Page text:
NTSB Identification: FTW97FA181.
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Accident occurred Thursday, May 08, 1997 in INTRACOASTAL, LA
Probable Cause Approval Date: 05/29/1998
Aircraft: Cessna 172RG, registration: N6505V
Injuries: 1 Fatal.

NTSB investigators either traveled in support of this investigation or conducted a significant amount of investigative work without any travel, and used data obtained from various sources to prepare this aircraft accident report.

Outbound on a fish spotting flight (flt), the pilot (plt) made a distress call to other company plts that he did not feel well & was returning to the airport. He said he was getting sick & 'a little nauseated.' Radio contact was lost, & the airplane crashed in the Gulf of Mexico. Investigation revealed that before flt, the plt had breakfast, flew 4 hrs, attended a safety meeting & went to a health club. Company plts said he was upset from reprimands at the safety meeting, was stressed for monetary reasons, was worried about his job, & was concerned about his blood pressure, but would fly while fatigued or when not feeling well. Reportedly, he had not slept well the previous night. Following a partial workout & steam room session, he was seen holding his head in his hands outside the steam room; he said he stayed in the steam room too long & felt 'quizzy like was going to throw up, like over doing it.' He did not eat lunch, but rested before flt. The plt was noted to have high blood pressure, when he applied for a 2nd class medical certificate on 3/3/97. The certificate was issued after he was evaluated by a cardiologist & was prescribed Tenormin (atenolol) & Lipitor (atorvastatin). Tenormin is a medication that reduces resting & exercise heart rate & is acceptable to the FAA for control of blood pressure. Lipitor is a cholesterol-lowering agent. Toxicology testing revealed trace amounts of diphenhydramine (trade name Benadryl), an over-the-counter sedating antihistamine, in the plt's liver & kidney fluids.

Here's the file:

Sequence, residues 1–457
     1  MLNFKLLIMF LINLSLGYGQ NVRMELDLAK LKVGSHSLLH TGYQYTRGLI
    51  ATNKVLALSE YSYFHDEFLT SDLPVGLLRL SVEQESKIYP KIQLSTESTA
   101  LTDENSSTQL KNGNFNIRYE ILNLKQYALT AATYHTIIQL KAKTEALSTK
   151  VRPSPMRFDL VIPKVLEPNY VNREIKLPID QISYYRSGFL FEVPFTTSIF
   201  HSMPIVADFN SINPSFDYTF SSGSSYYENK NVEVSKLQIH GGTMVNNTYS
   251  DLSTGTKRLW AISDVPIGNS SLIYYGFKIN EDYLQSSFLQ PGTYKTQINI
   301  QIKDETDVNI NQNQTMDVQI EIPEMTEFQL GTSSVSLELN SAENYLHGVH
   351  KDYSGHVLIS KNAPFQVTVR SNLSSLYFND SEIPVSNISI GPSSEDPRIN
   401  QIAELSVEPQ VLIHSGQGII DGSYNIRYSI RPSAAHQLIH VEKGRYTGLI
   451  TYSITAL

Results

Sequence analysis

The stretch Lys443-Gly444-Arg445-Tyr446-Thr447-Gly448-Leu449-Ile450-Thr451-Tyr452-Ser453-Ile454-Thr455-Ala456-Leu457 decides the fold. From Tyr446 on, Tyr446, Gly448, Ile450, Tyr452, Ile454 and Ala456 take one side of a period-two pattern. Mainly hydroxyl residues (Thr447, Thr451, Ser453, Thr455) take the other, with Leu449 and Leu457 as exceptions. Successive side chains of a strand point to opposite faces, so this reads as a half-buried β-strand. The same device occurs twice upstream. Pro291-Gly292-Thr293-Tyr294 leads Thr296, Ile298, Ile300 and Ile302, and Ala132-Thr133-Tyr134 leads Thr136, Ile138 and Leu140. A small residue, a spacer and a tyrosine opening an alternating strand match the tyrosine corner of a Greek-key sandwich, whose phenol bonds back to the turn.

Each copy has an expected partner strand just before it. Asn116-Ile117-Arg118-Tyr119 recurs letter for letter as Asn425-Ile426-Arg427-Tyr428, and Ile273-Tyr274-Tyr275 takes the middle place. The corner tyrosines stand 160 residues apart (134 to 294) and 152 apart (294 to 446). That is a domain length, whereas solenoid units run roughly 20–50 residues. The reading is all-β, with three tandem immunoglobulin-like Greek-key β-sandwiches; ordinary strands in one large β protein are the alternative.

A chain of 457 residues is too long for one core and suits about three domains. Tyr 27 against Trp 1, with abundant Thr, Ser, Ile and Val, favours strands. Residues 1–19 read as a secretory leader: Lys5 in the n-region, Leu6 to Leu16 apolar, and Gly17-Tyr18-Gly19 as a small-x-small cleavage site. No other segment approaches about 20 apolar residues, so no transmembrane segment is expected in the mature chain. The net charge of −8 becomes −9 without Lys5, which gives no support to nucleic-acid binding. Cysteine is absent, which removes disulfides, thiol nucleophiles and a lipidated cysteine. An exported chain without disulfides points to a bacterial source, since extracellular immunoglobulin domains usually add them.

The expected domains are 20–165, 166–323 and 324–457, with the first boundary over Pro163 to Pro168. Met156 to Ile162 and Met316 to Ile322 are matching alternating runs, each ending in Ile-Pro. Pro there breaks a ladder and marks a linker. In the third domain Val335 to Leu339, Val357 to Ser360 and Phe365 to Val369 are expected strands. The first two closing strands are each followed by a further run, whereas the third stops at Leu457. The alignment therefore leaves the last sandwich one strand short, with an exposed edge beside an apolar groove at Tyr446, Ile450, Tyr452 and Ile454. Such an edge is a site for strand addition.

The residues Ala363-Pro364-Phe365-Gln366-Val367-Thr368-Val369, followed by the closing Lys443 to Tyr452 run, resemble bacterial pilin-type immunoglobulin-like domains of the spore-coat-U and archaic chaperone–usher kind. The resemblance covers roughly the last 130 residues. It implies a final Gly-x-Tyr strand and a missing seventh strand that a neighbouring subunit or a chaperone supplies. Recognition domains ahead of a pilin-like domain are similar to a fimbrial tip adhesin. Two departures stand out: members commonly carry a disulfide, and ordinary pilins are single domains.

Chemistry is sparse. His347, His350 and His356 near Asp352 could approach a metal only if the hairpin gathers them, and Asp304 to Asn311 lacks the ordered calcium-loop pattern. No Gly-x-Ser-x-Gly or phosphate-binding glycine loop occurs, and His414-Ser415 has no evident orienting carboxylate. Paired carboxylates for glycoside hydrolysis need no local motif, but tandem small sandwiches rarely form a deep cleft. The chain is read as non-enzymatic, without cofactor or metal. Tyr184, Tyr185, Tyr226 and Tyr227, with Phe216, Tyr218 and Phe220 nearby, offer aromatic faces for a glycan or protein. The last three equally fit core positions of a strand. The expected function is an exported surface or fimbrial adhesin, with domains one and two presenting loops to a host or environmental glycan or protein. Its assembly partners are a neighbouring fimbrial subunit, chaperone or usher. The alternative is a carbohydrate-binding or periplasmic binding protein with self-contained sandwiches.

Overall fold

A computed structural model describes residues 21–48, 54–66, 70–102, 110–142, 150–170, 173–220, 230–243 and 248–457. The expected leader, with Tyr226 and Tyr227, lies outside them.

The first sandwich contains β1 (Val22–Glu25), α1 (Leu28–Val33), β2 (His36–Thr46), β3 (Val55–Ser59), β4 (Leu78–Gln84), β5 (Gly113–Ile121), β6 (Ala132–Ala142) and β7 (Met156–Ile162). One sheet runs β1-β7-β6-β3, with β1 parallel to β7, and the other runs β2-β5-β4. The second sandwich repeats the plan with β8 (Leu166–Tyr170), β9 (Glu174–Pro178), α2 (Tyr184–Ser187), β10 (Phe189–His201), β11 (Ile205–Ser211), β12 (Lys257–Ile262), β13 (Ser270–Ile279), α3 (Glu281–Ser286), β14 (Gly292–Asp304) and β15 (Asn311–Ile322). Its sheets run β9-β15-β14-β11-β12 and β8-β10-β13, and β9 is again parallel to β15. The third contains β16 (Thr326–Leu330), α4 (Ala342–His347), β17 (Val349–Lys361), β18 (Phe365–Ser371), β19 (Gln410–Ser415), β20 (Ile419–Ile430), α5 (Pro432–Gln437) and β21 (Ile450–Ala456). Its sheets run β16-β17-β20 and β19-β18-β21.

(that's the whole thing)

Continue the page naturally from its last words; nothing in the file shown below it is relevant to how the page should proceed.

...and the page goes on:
The National Transportation Safety Board determines the probable cause(s) of this accident to be:

the pilot's decision to fly, when he was not in good physical condition; and his subsequent loss of aircraft control due to incapacitation. A related factor was: the pilot's perception of an urgency (pressure) to fly, induced by conditions/events.

Full narrative available

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